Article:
Reminders of some sort or another are what turn a collection of paper goods or web services into what David Allen calls a “trusted system.”[1]

A lot of people resist getting better organized. No matter what kind of chaotic mess, their lives are on a day-to-day basis because they know themselves well enough to know that there’s after all that work they’ll probably forget to take their lists with them when it matters most.

Fortunately, there are ways to make sure we remember to check our lists — and to remember to do the things we need to do, whether they’re on a list or not.

In most cases, we need a lot of pushing at first, for example by making a reminder, but eventually we build up enough momentum that doing what needs doing becomes a habit — not an exception.

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From Creating Reminders to Building Habits

A habit is any act we engage in automatically without thinking about it.

For example, when you brush your teeth, you don’t have to think about every single step from start to finish; once you stagger up to the sink, habit takes over (and, really, habit got you to the sink in the first place) and you find yourself putting toothpaste on your toothbrush, putting the toothbrush in your mouth (and never your ear!), spitting, rinsing, and so on without any conscious effort at all.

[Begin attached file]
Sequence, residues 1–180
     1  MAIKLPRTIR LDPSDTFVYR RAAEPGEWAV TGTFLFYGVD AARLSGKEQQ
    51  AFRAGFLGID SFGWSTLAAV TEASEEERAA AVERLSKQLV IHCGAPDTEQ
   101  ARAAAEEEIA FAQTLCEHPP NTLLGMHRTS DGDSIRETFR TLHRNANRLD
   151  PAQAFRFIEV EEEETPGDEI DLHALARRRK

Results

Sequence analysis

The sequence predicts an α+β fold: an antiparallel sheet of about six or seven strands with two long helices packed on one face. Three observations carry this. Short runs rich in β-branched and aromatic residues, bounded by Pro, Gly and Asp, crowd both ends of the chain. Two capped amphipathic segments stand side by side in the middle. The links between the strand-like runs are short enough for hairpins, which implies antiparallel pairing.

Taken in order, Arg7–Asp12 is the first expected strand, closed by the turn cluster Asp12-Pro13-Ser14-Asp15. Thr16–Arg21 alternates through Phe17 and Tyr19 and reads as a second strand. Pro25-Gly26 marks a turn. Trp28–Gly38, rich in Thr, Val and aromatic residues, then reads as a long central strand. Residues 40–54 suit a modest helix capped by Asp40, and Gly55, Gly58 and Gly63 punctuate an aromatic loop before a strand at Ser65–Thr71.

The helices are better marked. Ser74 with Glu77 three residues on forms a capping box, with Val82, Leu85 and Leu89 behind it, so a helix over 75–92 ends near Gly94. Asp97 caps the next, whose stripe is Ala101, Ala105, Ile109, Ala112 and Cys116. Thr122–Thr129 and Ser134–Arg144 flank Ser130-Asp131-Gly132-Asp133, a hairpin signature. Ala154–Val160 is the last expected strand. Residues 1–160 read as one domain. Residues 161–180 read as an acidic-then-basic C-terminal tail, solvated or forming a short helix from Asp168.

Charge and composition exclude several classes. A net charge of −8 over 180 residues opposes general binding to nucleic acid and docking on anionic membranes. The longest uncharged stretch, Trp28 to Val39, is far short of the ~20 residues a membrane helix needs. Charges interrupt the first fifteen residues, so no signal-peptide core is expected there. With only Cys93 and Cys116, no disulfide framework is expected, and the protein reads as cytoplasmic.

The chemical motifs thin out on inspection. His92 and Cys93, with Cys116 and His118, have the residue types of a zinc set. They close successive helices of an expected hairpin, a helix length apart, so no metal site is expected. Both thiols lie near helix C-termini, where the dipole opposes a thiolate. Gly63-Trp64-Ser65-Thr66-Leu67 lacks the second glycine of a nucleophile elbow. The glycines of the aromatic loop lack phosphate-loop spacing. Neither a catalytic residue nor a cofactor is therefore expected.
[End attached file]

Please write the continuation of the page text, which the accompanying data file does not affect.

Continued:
This is a good thing because if you’re anything like me, you’re not even capable of conscious thought when you’re brushing your teeth.

The good news is you already have a whole set of productivity habits you’ve built up over the course of your life. The bad news is, a lot of them aren’t very good habits.

That quick game Frogger to “loosen you up” before you get working, that always ends up being 6 hours of Frogger –– that’s a habit. And as you know, habits like that can be hard to break — which is one of the reasons why habits are so important in the first place.

Once you’ve replaced an unproductive habit with a more productive one, the new habit will be just as hard to break as the old one was. Getting there, though, can be a chore!

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The old saw about anything you do for 21 days becoming a habit has been pretty much discredited, but there is a kernel of truth there — anything you do long enough becomes an ingrained behavior, a habit. Some people pick up habits quickly, others over a longer time span, but eventually, the behaviors become automatic.

Building productive habits, then, is a matter of repeating a desired behavior over a long enough period of time that you start doing it without thinking.

But how do you remember to do that? And what about the things that don’t need to be habits — the one-off events, like taking your paycheck stubs to your mortgage banker or making a particular phone call?

The trick to reminding yourself often enough for something to become a habit, or just that one time that you need to do something, is to interrupt yourself in some way in a way that triggers the desired behavior.

The Wonderful Thing About Triggers — Reminders